Market NewsCommentWhat recession?

What recession?

By Charles Wyndham.

I was adding another name to my internet address book when I noticed that, if I so chose, that I could add a nick name for the person.

What struck me is that some peoples’ names are a nick name anyway, a thought that had struck me about the word ‘recession’ on my current round trip which involves 6 international flights.

The current recession is so severe that I have had the most extraordinary difficulty getting seats on planes.

At the airports, apart from Heathrow which clearly every sane person has decided to avoid if at all possible, I was met with monsoons of people where, forget about sitting room there was not any standing room available.

On one flight I met an English lady who was on her third holiday this year and I had to listen to all the other sun blistering paradises of joy that she had lined up for the rest of the year.

I was only surprised after the droning on about her plans that there were enough days or empty seats in this year.

I contrast this against the news in the International Herald Tribune about just how many retail chains were being forced into liquidation in the States.

The rise in the cost of fuel and food is really putting the squeeze on other expenditure in America, even for such ‘basics’ as beds and fridges (I suppose there are plenty spare in all those empty houses).

Then there is the news about the future auction of a blue stone where the expected price is between $6 and $12 million which seems to leave enough margin for error.

The one lesson that we should all bear in mind is that no recession is a simple mirror image of the previous one or ones.

Recessions are not bad news for everyone.

Going back over the previous hard times in the diamond business that I have experienced it was, particularly in the worst of the recessions in the early 80’s, the better end of goods that hit a brick wall.

I use that expression advisedly as I still recall going off for the Easter break in 1980 and all seemed alright if a bit twitchy and coming back to a dead business a few days later.

Another point of course is that the press treatment of news is ever more cavalier to any real research and distant from reality as selling newspapers has meant leaving analysis behind and pandering to the fears and titillations of the moment.

Some bad news is whipped up in a way that often I find totally irrational if not obscene; this when other news is coated in political correctness to give a ‘balanced picture’, such as the appalling events in Zimbabwe which should, in my opinion, have and should be being given far greater prominence to the fascist / Stalinist behaviour of that murdering thug toxic Bob and the whimpering appeasement being offered to him by his supine neighbours.

The only thing balanced about Zimbabwe is just how unbalanced Heil Bob is.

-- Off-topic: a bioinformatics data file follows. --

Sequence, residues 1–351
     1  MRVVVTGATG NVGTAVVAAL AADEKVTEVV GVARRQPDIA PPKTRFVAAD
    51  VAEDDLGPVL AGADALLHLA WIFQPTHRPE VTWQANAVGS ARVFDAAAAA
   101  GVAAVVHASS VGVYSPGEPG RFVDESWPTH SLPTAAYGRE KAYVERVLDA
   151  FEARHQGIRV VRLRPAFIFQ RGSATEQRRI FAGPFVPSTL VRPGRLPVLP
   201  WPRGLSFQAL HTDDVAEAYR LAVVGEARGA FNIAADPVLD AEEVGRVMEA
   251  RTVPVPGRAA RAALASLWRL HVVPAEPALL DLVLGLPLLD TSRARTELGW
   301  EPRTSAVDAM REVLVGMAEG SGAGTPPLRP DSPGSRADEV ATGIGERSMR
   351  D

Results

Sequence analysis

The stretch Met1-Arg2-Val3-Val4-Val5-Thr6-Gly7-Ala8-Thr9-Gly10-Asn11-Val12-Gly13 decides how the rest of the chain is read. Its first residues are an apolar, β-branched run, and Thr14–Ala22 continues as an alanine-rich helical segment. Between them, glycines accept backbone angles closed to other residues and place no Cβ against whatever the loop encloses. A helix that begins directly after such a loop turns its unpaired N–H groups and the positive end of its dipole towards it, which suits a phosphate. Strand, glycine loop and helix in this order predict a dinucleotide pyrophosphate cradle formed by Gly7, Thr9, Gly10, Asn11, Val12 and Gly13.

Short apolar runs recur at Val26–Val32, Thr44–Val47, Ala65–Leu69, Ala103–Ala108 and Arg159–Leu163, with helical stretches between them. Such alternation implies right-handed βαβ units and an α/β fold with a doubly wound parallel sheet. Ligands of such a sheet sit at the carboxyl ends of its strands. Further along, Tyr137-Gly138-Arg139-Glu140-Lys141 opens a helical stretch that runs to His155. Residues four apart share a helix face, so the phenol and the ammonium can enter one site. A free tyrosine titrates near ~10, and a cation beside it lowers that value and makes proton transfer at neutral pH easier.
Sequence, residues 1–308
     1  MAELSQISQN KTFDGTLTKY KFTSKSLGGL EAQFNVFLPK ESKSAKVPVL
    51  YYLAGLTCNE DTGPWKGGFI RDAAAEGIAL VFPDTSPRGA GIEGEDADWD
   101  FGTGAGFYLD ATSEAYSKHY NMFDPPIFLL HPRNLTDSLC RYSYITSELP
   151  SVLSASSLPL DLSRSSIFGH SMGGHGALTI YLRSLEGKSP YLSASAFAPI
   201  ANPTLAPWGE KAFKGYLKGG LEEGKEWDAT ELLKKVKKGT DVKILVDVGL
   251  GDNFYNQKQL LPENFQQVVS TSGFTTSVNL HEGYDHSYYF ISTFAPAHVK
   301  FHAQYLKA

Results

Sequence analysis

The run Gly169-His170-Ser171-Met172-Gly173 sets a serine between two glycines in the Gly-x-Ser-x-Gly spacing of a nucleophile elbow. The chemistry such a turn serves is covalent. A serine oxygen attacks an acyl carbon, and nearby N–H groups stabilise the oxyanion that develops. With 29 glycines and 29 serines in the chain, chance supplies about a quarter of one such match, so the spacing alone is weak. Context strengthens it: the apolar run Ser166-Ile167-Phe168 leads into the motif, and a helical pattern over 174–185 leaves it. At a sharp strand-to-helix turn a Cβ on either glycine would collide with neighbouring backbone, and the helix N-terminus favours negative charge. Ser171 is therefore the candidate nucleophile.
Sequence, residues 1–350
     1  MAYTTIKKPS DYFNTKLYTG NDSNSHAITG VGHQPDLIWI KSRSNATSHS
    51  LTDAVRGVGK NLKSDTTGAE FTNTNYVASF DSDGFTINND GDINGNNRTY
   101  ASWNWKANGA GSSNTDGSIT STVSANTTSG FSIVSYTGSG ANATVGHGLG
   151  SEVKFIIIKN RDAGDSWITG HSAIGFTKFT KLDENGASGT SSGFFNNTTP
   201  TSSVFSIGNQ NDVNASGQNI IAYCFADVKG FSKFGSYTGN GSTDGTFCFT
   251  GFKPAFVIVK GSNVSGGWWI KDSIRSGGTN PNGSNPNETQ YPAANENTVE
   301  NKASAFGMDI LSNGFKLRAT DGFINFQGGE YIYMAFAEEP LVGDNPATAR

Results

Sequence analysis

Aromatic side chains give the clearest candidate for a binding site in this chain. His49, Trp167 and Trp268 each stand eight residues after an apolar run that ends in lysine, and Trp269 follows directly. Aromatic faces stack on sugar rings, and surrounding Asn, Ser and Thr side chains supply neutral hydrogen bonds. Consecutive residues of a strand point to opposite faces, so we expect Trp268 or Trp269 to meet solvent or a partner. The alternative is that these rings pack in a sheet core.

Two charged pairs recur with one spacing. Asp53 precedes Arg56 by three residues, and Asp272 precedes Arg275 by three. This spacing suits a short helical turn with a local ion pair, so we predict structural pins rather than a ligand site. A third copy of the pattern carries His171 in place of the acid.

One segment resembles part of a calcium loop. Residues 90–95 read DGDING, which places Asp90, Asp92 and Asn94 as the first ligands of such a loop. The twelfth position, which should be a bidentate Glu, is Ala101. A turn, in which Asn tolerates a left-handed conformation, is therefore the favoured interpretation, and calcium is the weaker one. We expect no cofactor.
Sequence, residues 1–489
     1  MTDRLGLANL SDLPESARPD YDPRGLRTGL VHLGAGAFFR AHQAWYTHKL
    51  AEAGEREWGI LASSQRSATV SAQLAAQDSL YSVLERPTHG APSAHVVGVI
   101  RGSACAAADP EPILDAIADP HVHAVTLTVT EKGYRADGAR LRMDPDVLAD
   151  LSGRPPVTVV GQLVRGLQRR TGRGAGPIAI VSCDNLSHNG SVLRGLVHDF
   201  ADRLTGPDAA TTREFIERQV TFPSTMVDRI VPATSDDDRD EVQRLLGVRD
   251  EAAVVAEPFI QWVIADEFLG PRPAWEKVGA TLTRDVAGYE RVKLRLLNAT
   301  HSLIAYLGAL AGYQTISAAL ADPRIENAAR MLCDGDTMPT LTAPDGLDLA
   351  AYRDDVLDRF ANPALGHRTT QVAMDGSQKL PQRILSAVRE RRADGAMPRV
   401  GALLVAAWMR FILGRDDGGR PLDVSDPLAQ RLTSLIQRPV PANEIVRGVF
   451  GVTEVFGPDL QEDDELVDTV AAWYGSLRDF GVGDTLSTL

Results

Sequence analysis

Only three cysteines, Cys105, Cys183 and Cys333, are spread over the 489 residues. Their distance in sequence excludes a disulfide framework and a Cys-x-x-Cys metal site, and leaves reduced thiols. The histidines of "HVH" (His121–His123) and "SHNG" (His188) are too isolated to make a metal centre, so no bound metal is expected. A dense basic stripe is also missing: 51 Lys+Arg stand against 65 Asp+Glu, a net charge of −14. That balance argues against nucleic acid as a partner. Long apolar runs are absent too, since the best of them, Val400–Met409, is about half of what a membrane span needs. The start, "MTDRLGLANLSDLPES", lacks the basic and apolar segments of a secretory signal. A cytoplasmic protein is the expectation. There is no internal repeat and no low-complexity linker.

It may be that that the only common factor in recessions is that they arrive like a Tsunami engulfing the unsuspecting, even though by some fluke there may have been a warning.

There again maybe we are not going to have the recession that all the experts are predicting, they do have a great knack of getting things about as wrong as weather forecasters.

Perhaps a slow down is being whipped up into a recession?

Common sense dictates that it would be surprising if the diamond industry really escapes the current woes of America, just as much as it would be almost inconceivable that those same woes are not going to hit other economies.

On the other hand, as mentioned by PolishedPrices before, there are concerns that the severity of the slowdown in America is certainly resulting in firstly falling orders and secondly stock being put back onto the market, a double ripple effect in my book.

But that does not mean that all will be hit the same or as I have said that previous patterns are to be repeated.

This time around it is the better goods that are carrying our industry as the cheap goods face a precipitous collapse, the very area of rough that did well in previous recessions.

As the better goods keep breaking records it is easy to be lulled into thinking that there is only a one way ticket up.

Given the long term imbalance of supply and demand, the falling dollar, shortage of supply and no substantial rough stocks lying around is certainly helpful in dampening any impact.

This shortage is going to be exacerbated in the short term by the power cuts in Southern Africa, a most timely help in the immediate future but hardly something to crow about given what the long term impact could be.

So what is the conclusion?

Apart from knowing it will not be like before, I do not have one except to see just how the affective the anti indigestion medicine is going to be to cope with the excessive consumption which has caused all this in the first place.

What is certain is that recessions or significant slowdowns offer huge opportunities.

In the early 80’s it really saw the emergence of the Indians as major players and also a company like Steinmetz. In the early 90’s trauma it was Leviev who seized his opportunity.

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